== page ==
Gordon Campbell | Parliament TV | Parliament Today | News Video | Crime | Employers | Housing | Immigration | Legal | Local Govt. | Maori | Welfare | Unions | Youth | Search

 


Good progress on infrastructure but challenges remain


Good progress on infrastructure but challenges remain


There has been pleasing progress over the past year on a long term and challenging infrastructure programme, says National Infrastructure Advisory Board Chair Dr Rod Carr.

His comments follow the publication today of the 2013 National State of Infrastructure Report, prepared by the Treasury’s National Infrastructure Unit with input from across infrastructure sectors.

“Over the last year we have seen a continuation of the large scale investment programme across central government, local government and the private sector. The significant levels of spending reflect the importance that infrastructure plays in providing both a foundation and a catalyst for economic growth,” says Dr Carr.

“A year further into the implementation of the challenging work programme, we can see progress especially in the fundamental infrastructure networks such as fast broadband, electricity transmission and the key transport networks to move freight and people.

“It is also good to see improvements in areas that help deliver good infrastructure. These include streamlining the planning system, increased coordination within and across regions for infrastructure planning, and innovation and efficiencies being driven by local government in the roading sector. I’m particularly pleased by the ownership local authorities have assumed to increase capability and better understand infrastructure provision to their communities, especially in the water sector.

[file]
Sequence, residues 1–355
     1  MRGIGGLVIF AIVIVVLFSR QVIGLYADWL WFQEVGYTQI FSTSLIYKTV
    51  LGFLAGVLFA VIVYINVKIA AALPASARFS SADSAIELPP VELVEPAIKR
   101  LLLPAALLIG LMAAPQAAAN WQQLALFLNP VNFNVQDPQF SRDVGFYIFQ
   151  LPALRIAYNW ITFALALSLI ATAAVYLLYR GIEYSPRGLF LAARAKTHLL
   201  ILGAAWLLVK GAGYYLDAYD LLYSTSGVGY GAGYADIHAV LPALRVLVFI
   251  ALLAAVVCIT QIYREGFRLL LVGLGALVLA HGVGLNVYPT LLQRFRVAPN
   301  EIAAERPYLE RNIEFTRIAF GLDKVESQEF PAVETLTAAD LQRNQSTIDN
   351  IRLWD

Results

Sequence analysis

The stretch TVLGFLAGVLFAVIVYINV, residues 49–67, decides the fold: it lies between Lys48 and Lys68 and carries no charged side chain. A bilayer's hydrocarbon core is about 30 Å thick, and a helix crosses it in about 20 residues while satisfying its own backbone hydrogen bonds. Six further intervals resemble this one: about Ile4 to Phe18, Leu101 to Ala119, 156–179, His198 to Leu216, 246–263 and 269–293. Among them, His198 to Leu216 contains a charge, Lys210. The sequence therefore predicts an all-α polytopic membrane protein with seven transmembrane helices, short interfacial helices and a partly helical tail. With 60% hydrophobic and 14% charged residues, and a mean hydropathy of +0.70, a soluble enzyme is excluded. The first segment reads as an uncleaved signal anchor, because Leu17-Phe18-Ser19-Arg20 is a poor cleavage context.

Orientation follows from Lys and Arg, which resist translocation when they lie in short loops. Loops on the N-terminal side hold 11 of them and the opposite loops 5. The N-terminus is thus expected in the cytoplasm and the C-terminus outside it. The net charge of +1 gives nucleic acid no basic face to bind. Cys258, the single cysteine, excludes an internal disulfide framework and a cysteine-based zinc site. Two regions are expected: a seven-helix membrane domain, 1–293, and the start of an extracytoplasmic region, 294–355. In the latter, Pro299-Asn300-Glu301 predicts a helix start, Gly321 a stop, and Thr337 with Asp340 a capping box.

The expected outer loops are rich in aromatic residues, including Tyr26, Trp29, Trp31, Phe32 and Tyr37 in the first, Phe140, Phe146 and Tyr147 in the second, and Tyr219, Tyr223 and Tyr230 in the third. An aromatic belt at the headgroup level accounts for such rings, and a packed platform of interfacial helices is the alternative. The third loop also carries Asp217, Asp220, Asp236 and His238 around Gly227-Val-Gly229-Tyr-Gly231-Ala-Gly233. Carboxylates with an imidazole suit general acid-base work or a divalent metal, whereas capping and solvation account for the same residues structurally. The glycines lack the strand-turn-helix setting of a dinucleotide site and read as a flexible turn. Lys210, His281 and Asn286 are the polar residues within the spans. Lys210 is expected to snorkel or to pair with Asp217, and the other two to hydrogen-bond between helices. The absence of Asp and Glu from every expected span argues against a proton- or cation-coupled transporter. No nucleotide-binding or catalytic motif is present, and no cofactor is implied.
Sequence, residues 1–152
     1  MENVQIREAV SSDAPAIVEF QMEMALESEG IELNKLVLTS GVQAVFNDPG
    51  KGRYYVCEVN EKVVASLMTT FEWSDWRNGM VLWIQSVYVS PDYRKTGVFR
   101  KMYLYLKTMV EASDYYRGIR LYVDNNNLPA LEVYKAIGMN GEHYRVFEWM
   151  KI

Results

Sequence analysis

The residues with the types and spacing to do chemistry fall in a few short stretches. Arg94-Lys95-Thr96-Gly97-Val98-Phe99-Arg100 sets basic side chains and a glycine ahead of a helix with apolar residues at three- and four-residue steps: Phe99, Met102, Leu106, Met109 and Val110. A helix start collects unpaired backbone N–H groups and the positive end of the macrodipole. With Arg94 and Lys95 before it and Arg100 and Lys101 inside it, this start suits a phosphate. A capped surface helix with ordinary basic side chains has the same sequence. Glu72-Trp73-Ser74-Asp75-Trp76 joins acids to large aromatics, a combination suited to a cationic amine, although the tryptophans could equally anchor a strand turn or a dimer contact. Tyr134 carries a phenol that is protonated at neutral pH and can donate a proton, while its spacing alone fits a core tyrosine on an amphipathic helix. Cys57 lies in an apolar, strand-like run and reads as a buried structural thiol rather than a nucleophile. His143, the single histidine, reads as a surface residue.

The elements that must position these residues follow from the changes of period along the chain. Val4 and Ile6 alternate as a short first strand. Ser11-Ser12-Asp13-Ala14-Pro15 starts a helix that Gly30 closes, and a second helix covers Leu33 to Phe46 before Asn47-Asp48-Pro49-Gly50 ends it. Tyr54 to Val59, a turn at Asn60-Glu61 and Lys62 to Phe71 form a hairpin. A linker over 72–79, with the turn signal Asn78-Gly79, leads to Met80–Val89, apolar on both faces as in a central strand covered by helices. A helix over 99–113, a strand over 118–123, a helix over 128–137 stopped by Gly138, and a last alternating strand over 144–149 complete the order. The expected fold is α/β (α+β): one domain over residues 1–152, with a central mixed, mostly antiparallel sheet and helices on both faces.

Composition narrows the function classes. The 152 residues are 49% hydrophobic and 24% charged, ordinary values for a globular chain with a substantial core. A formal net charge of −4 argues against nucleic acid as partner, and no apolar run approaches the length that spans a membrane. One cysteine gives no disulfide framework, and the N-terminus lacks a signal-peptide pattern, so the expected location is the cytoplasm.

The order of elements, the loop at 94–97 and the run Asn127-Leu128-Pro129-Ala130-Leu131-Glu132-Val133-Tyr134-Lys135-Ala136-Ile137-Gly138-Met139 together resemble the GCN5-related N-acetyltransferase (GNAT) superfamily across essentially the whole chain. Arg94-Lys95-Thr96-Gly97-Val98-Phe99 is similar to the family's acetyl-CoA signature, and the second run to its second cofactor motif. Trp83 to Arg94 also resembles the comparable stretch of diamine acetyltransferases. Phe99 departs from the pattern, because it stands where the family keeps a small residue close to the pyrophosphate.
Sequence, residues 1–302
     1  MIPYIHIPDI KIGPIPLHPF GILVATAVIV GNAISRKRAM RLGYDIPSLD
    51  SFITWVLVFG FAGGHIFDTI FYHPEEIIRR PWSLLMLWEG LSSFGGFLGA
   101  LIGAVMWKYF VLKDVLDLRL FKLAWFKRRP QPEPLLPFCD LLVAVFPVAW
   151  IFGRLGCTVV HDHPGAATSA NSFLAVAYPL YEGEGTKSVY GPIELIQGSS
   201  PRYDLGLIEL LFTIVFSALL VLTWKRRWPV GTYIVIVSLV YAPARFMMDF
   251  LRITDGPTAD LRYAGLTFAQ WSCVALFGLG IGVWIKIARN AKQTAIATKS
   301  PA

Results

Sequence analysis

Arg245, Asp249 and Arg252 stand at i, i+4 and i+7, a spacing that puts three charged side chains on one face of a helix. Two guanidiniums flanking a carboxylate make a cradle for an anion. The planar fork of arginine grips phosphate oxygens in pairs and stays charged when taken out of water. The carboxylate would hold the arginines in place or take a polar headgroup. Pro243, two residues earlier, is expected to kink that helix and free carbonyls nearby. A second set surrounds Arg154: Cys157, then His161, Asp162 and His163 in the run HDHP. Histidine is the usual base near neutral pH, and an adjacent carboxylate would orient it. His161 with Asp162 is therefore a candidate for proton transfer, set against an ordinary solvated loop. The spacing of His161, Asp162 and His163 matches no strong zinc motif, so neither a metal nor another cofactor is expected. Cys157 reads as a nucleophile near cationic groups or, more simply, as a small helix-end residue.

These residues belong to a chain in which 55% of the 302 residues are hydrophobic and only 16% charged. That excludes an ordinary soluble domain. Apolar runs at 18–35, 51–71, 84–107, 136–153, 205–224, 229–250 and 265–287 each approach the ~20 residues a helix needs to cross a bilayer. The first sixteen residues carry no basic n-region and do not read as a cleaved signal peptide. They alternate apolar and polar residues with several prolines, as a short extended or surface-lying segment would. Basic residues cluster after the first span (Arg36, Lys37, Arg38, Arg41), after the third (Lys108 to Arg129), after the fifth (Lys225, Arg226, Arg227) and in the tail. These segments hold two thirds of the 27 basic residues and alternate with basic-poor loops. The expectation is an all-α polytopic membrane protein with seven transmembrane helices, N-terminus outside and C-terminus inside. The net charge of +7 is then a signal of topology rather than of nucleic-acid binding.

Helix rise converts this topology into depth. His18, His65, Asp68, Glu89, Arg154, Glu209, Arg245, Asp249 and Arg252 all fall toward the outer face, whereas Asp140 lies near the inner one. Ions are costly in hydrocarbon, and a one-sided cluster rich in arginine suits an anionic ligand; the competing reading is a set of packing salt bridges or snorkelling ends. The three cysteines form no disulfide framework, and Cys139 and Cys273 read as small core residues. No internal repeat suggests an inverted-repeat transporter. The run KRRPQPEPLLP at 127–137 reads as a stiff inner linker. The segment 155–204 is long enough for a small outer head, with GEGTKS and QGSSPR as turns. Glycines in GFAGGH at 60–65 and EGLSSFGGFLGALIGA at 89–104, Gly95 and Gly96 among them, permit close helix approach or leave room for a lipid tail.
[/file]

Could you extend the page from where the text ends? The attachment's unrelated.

“Having said this, a number of the challenges we identified two years ago remain and it is important that we keep making inroads on these. In particular, we see potential for much greater alignment between the land use proposals in the proposed Auckland Unitary Plan, the integrated transport plan and the strategic vision of the Auckland Plan. Meanwhile, we welcome the government’s announced plan for investment in major Auckland transport projects and look forward to confirmation that the timing and mix of projects is well supported by business case analysis.

“Another area that needs further progress is water. It’s a strategic asset for New Zealand and essential to a significant portion of our exports. The freshwater programme is a good start, and it is imperative to deliver the subsequent work planned on allocation, transfer and trade: these need to drive the right incentives for the efficient use of this precious resource.

“The financial and economic significance of many transport and water projects, and the intergenerational effects they have, highlight the importance of robust investment analysis through the business case process and the importance of the right infrastructure, in the right place, at the right time.

“Across all infrastructure sectors, there is still work to do to ensure that infrastructure investments are subject to the right scrutiny and that they are aligned to broader goals and objectives.”

Dr Carr noted that over the next year, the National Infrastructure Advisory Board is looking forward to an increasingly mature discussion around demand management and ways to better use our existing infrastructure.

“Constantly looking to spend more is not an option in our foreseeable future and it is important that this discussion is had.

“Also next year, we look forward to the publication of the evidence base that the National Infrastructure Unit has been collating and the discussions across the infrastructure sector about what this means and how best to respond as a country to our future infrastructure needs. The 2011 National Infrastructure Plan highlighted the lack of a robust information base as a major constraint, and work has been underway to address this issue.”